RPG TipsRole Playing games (RPGs) are our biggest group of games (over 160 Official Games altogether), incorporating storytelling, conflict, problem-solving, combat tactics, and/or interpersonal interaction. It’s a huge, complicated subgenre of table-top gaming, and it’s the biggest reason we are hosting our 47th convention over the course of six decades. So, how do you get the most out of RPGs in this convention?
Getting into games might seem complicated, but it’s not. You can register electronically for a chance to get into games that look exciting to you in each of nine sessions. Or you can get help at the Info Table during the convention if you’re not sure about the process. And there’s nothing wrong with trying to drop into any game to see if there are seats available. All of these approaches can be successful. We want all the games to be filled; our system is designed to get all games filled with players who want to be there, even if demand exceeds the supply of seats.
Here are some do’s and don’ts that can guide you:
- Do make sure you know where your chosen game is. Almost all RPGs are in break-out rooms (converted sleeping rooms) on the first and second floors of the hotel’s North Tower. Games with rooms numbered 132 through 149 are on the first floor; 231-243 are on the second floor. There is also a hybrid RPG/LARP on the fourteenth floor (Suite 1445). Back to the ground floor, there are two RPGs in the Monterey Room, and another hybrid game in Ponderosa. Signs taped to game room doors list the games that will take place there during the convention, so if you’re ten minutes early, you can be reassured that you are in the right place.
- Do show up on time at the room where the game is scheduled. Because foot traffic and elevator delays can get a little crazy at times, GMs will wait up to ten minutes before starting the game, though they’ll start immediately if they have a full roster of people present that signed up beforehand. If dropping in, getting there early may help you get that extra seat.
- Do respect the GM; they want everyone to have a good time, but they also have rules, and they are entitled to enforce those rules for the good of the game. Just because an RPG comes with printed rulebooks or the electronic equivalent, it doesn’t mean the GM will follow that rulebook absolutely. There’s a lot of home cooking as GMs conform the rules to their setting and story. he GM’s rulings are final, so take it with good grace and keep playing.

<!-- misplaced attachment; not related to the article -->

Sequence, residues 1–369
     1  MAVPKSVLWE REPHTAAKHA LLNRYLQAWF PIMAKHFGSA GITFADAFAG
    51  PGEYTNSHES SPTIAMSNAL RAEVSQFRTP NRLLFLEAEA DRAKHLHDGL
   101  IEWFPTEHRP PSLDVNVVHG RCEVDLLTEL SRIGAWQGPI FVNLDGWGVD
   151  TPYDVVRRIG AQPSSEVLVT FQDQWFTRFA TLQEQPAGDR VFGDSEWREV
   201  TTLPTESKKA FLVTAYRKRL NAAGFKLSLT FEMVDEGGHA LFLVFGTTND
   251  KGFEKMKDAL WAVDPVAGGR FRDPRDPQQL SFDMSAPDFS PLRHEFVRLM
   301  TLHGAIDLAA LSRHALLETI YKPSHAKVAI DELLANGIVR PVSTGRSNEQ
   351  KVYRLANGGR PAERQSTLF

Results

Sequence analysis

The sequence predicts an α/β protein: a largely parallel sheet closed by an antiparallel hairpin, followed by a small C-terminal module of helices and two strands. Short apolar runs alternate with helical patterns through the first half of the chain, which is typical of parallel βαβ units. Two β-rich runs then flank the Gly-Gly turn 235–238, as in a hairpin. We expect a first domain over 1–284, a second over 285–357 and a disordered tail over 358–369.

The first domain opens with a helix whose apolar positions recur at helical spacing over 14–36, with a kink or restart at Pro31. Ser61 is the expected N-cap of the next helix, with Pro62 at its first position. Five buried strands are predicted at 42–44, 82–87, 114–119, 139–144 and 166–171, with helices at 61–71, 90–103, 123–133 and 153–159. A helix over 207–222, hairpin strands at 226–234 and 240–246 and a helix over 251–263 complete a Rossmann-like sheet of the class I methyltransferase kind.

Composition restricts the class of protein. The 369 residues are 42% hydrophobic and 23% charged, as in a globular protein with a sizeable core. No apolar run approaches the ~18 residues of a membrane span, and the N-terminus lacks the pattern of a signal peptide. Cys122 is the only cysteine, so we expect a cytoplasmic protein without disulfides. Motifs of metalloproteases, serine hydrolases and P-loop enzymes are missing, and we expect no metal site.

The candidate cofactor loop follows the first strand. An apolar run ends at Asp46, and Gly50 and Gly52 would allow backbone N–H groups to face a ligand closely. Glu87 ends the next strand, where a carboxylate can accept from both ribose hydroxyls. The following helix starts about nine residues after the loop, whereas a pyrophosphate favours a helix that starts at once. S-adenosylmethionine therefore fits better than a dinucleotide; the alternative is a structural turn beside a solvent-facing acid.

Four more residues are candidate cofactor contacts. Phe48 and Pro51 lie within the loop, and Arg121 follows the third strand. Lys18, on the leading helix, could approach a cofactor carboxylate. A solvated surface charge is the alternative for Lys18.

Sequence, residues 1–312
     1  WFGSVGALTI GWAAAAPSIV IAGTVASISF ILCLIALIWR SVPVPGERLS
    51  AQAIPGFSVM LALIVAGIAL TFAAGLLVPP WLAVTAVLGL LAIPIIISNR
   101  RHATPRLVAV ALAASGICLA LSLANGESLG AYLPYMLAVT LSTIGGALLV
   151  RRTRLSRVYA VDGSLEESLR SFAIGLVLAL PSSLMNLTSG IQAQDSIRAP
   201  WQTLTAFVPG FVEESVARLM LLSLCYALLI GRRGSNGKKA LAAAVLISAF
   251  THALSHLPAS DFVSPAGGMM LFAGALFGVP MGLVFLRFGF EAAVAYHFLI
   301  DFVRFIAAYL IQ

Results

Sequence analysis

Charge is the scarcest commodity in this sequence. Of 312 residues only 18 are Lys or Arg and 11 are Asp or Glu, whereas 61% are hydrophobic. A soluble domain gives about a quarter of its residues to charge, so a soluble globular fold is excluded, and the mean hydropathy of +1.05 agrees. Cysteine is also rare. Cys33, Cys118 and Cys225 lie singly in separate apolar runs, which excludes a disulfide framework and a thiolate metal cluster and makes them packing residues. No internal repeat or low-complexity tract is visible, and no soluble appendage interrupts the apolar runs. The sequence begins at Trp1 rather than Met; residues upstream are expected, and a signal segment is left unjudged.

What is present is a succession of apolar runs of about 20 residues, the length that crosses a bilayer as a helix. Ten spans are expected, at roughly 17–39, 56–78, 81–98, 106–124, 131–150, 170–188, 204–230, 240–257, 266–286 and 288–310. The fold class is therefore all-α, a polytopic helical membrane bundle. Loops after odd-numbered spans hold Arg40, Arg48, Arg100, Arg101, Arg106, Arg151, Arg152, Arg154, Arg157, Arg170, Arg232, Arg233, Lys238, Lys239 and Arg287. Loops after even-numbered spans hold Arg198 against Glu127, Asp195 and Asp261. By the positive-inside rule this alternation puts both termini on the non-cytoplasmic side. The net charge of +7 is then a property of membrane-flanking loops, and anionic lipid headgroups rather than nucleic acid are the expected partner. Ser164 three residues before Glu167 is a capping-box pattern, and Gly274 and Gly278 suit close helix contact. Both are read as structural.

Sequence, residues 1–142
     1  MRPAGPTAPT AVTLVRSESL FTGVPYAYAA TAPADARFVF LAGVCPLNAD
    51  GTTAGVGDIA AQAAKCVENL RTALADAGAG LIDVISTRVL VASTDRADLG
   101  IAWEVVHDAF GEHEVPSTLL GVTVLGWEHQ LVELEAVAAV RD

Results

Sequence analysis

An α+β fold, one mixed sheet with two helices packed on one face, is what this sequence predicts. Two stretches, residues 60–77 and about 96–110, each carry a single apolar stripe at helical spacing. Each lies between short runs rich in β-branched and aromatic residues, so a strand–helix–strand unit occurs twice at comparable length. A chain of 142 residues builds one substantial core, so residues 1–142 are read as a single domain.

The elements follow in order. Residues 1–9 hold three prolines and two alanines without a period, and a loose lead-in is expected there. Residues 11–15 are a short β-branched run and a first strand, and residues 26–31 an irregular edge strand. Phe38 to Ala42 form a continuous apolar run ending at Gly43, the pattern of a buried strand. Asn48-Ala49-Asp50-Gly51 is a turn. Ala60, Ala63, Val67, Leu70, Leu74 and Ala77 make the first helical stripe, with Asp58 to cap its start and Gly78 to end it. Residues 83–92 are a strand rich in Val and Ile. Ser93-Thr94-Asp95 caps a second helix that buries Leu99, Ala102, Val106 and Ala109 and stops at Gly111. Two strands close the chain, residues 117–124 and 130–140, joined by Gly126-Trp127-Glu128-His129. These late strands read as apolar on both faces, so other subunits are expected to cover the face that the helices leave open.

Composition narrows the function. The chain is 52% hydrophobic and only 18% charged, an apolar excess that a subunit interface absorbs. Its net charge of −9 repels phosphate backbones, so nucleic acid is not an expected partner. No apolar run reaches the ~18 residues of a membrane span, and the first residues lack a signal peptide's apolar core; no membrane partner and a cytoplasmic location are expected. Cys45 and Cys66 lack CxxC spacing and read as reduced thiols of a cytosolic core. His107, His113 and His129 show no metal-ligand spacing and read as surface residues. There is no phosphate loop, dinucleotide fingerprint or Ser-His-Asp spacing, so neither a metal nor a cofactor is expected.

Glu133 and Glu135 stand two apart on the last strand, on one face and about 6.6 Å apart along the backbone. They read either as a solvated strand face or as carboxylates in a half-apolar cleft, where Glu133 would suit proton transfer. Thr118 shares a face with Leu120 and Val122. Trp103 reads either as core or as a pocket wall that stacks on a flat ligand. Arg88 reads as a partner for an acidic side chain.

- Do respect all of your fellow players. Having a good time often entails recognizing that another player is doing something with that goal in mind, and if you can find a way to accommodate that, it’s all the better. Most players will want their cohorts to be as invested in the game as they are.
- Don’t put up with abusive behavior from anyone, although sometimes it’s an unintended slip of the tongue. Ask for a pause in the play, so you can discuss the issue with whoever needs to hear it. Or the GM might notice it and deal with it. In extreme cases, call it out, or leave the game, and if you feel unsafe, contact our staff (the folk in the green shirts), to help deal with the problem.
- Don’t stay in a game if you don’t want to. DunDraCon requires an Open Door Policy for all games—you may leave a game at any time for any reason or no reason. If you don’t intend to return within a few minutes, make sure the GM knows.
- Do know about safety tools the GM will employ, and if they don’t say anything at the start, ask them. There are some great tools that can stave off triggers and keep the game itself on track.
- Don’t get into a game that is likely to trigger you. You can’t always know the content of the game ahead of time, but if you are squeamish about spiders, you don’t want to sign up for ‘Onslaught of the Tarantulas’ without considering the trigger.
- Don’t leave right away if the GM doesn’t show. GMs are expected to be present when the game starts, but of course, they may also get caught up in foot traffic. Our duty person will come around to each game to give roster print-outs to the GMs, so we will know if they’re not there, and if the GM doesn’t show up fairly soon, the duty person will give Priority Slips to those who registered for the game, if they are still there.
- Do help get the room ready for the next game when yours is over. Trash goes into bags, everyone makes sure that all the useful bits (dice, figures, coolers, binders, backpacks, portable black holes) that everyone brought go home with the owner. The next game in that same room may follow very close behind yours, so the GM is powerfully motivated to get the game over with in time to clear the room. Help them out if you can.